Other and more subtle excuses for failure were made in Germany (see chapter 9.); but the two stock English pleas were, either that the lymph was spurious, or that the ensuing disease was not smallpox. The nearest approach to the refinements of the Germans occurs in a case in which Sir Joseph Banks played a part. Being personally interested in a child in the country who had caught smallpox six months after vaccination, he wrote to the medical attendant, Dr. Harrison, of Horncastle, and received the following explanation : The child had been vaccinated successfully, and others in the house had in turn been vaccinated from her. Now these latter did not intake smallpox on the occasion when their vaccinifer did, although they were in the same house ; "hence it appears that Fanny communicated a security against the smallpox to others, although she herself remained liable to its influence." With this mystical reasoning the good president of the Royal Society would appear to have been well content, for he allowed the letter which his inquiry had elicited to be published in the Medical Journal.1
Such, then, was the programme of excuses which catme to be generally adopted for the failure of cowpox.

WE have thus far seen what kind of evidence the profession had before them, on the protective power of cowpox, and what kind of apologies they were prepared to make for failures and disasters. They never went deep enough into the anatomy and pathology to realize what sort of pox the cowpox actually was, and they had none of the milkers' experience to teach them in the most forcible of all ways. Their behaviour over the variolous test was incredibly stupid and careless. Their chief apologetic plea of spuriousness was wholly alien to the spirit of logical investigation, and a flagrant example of the art of circumventing the unwelcome teachings of experience.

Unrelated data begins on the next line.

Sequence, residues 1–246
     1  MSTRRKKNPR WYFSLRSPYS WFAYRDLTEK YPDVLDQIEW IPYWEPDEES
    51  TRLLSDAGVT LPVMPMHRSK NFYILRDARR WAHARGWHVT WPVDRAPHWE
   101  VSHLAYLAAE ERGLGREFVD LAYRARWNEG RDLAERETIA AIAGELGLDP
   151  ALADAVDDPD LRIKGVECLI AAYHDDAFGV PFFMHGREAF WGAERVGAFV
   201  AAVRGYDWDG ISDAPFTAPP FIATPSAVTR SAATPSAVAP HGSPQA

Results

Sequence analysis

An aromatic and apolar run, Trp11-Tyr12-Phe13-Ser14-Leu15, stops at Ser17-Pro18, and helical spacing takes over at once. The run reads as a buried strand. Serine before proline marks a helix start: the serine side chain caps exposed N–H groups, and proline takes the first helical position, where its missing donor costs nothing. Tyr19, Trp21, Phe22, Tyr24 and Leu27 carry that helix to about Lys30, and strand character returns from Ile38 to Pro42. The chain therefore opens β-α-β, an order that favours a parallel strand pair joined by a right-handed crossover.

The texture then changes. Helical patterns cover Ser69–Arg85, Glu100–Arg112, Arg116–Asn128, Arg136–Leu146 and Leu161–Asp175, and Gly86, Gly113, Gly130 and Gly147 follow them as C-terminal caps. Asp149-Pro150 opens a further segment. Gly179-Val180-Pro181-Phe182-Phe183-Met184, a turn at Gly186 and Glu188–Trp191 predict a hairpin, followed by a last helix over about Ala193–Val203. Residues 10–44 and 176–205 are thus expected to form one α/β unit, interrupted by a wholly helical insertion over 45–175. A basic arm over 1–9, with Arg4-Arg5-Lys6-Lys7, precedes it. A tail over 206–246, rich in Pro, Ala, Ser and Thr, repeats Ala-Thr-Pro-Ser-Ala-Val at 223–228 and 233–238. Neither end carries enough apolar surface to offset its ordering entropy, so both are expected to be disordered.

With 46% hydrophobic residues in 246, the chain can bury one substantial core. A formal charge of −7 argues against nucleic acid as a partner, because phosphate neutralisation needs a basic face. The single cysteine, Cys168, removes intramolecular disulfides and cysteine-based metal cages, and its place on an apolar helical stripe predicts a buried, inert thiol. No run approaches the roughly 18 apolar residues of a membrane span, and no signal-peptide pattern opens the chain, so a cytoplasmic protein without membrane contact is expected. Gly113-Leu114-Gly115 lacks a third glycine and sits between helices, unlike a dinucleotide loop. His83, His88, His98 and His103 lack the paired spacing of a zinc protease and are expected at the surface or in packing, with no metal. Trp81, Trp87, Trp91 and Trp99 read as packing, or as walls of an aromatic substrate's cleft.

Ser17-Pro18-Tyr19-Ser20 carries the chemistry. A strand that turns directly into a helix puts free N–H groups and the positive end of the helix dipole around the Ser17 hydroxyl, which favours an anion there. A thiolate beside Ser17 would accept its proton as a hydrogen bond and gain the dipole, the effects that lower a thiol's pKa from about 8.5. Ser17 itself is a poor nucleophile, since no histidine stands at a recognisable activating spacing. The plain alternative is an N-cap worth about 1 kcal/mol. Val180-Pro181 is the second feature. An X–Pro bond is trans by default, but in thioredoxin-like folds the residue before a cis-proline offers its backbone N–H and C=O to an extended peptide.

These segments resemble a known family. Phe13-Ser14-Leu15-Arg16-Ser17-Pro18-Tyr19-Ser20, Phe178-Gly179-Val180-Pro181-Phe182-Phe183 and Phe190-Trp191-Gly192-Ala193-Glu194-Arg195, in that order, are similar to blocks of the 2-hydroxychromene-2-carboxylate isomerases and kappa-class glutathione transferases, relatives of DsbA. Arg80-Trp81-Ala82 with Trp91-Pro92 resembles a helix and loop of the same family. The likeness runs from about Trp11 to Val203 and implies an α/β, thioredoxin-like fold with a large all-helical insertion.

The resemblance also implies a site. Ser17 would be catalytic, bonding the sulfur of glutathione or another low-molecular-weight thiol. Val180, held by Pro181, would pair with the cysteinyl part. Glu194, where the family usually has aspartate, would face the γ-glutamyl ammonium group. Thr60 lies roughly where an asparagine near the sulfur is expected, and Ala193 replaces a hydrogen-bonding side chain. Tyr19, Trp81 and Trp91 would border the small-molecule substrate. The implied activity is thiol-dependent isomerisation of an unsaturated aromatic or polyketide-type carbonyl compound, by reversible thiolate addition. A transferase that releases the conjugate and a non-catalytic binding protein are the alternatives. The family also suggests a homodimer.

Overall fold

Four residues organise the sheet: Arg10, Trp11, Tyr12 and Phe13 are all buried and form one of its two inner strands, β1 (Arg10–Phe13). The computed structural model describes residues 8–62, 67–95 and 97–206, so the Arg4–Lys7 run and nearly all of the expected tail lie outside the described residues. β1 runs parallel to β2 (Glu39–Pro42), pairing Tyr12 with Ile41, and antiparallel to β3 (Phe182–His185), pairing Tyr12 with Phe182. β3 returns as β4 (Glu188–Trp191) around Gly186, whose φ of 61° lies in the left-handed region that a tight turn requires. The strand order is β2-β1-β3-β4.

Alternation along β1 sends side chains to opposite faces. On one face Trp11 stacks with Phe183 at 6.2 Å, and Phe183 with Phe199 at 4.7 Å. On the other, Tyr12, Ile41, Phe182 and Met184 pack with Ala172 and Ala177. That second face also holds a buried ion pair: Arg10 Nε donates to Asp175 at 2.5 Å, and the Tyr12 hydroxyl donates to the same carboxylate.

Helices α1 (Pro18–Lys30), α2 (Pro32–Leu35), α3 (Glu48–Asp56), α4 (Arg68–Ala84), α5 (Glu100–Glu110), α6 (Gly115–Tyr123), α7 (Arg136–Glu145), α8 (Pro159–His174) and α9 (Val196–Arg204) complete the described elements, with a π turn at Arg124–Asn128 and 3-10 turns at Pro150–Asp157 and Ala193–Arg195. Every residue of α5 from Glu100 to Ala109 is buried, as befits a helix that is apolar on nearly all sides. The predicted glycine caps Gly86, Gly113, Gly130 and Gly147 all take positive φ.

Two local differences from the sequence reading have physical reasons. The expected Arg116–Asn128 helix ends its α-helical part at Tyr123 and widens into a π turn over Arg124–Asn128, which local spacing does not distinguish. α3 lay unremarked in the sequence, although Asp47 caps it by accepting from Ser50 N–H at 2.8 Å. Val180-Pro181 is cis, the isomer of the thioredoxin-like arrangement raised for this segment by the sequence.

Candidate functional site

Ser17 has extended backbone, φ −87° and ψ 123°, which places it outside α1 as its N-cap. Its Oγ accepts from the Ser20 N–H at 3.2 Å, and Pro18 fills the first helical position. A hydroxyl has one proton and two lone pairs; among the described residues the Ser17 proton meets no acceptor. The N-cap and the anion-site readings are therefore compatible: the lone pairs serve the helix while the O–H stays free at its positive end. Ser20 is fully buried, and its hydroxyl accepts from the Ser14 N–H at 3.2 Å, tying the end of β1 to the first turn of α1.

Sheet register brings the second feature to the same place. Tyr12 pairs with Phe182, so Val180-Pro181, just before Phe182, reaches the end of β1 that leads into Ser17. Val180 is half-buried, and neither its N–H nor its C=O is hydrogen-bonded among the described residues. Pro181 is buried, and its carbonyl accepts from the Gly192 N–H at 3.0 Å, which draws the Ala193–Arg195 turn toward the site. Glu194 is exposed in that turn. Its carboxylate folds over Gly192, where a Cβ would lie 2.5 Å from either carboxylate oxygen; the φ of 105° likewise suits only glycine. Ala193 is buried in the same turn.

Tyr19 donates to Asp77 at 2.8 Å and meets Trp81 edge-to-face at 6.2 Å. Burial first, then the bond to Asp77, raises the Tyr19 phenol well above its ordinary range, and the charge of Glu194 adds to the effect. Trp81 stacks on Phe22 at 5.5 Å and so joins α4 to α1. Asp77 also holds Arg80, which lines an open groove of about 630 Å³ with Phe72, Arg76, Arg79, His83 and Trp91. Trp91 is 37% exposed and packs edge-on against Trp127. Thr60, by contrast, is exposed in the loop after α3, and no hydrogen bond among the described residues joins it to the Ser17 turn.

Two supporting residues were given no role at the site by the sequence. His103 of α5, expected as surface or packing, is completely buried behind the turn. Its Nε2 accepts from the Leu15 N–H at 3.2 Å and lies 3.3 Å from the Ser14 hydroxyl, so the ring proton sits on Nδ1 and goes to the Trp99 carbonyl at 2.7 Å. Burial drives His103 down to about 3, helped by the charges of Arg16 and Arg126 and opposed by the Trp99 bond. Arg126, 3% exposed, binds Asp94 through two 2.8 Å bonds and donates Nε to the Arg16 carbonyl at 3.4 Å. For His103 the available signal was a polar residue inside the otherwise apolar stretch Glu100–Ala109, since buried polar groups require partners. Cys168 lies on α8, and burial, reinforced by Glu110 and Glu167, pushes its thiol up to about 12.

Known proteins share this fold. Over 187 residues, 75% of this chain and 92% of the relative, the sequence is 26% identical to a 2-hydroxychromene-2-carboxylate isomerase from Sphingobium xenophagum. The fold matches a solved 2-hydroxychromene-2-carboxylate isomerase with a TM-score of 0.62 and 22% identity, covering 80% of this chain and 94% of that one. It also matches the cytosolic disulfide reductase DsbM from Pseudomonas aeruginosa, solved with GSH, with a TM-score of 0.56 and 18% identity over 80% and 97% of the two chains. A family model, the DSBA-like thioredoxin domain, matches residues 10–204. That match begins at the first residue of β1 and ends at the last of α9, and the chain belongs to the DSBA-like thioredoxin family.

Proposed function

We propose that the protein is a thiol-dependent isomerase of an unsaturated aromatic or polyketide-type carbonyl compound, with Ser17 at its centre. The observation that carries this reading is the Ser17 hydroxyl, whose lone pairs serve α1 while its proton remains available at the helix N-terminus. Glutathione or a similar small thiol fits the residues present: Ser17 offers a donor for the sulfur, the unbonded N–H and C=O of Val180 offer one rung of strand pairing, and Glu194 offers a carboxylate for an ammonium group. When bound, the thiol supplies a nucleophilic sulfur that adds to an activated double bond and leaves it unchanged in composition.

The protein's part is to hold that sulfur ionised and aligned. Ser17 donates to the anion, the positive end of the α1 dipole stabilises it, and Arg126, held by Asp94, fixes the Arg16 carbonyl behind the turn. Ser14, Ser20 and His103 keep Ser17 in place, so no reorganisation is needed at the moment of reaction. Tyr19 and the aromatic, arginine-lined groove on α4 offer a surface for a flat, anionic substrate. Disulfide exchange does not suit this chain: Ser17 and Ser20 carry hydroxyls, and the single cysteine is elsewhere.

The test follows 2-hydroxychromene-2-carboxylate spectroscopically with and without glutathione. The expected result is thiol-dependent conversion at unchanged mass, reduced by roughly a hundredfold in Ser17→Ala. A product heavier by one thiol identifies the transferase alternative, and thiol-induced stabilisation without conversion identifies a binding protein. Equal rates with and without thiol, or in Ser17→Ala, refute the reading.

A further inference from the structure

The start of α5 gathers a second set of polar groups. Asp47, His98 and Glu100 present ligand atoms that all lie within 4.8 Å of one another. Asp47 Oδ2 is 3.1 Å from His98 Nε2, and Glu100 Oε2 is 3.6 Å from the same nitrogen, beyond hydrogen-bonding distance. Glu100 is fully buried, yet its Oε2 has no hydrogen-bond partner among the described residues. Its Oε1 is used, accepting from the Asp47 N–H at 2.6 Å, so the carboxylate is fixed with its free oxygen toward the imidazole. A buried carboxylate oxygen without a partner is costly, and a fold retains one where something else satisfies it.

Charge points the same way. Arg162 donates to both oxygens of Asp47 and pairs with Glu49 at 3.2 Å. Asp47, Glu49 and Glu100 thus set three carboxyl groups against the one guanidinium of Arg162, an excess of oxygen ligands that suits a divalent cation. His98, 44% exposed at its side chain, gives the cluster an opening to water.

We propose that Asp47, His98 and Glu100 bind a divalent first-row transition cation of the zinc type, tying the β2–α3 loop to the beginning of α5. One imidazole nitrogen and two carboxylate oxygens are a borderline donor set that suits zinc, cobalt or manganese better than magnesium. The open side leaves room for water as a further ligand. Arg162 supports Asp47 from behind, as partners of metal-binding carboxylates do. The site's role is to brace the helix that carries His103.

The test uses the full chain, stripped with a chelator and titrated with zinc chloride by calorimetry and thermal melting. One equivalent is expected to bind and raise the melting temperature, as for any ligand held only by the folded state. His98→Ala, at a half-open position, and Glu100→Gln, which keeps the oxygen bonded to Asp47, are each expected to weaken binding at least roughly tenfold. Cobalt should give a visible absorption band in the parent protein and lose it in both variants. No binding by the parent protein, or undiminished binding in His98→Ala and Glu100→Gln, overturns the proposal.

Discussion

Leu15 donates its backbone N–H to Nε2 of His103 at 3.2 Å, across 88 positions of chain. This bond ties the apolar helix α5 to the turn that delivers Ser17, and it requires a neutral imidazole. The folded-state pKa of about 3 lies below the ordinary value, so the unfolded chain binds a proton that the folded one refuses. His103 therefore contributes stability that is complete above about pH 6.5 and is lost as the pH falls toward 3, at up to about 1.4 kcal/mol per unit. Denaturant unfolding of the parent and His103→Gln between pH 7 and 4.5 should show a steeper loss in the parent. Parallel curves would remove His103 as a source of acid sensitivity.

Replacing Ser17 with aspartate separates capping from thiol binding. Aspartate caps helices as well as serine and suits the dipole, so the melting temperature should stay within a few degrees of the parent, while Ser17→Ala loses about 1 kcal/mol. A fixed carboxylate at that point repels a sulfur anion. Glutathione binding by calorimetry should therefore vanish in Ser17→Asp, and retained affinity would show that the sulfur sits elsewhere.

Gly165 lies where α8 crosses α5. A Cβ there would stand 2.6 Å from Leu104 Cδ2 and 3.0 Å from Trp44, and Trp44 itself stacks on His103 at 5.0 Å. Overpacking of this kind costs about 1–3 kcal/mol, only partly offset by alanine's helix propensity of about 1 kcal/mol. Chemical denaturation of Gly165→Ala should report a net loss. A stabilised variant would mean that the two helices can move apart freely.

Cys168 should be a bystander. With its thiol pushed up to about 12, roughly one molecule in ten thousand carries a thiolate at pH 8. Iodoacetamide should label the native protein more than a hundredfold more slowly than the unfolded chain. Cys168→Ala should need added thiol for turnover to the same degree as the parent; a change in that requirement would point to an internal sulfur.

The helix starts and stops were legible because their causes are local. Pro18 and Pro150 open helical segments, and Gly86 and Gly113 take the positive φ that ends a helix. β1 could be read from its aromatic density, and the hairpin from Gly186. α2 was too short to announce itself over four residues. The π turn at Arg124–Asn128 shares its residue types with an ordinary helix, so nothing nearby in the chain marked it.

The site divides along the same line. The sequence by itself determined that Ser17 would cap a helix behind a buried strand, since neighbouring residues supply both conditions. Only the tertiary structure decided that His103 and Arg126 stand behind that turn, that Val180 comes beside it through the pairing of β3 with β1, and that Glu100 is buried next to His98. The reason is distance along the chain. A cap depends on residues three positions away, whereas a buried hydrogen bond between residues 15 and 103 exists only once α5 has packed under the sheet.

It is hard to believe that the many educated and conscientious men, who belonged to the medical profession of Britain in those years, had given their reasoned assent to a doctrine and practice so full of frauds and fallacies that a later generation will hardly bear to have the naked facts exhibited to the public gaze.

Writers of the Cornewall Lewis school show a confidence in scientific and medical authority which no one can share who has made it his business to study the history of scientific and medical developments.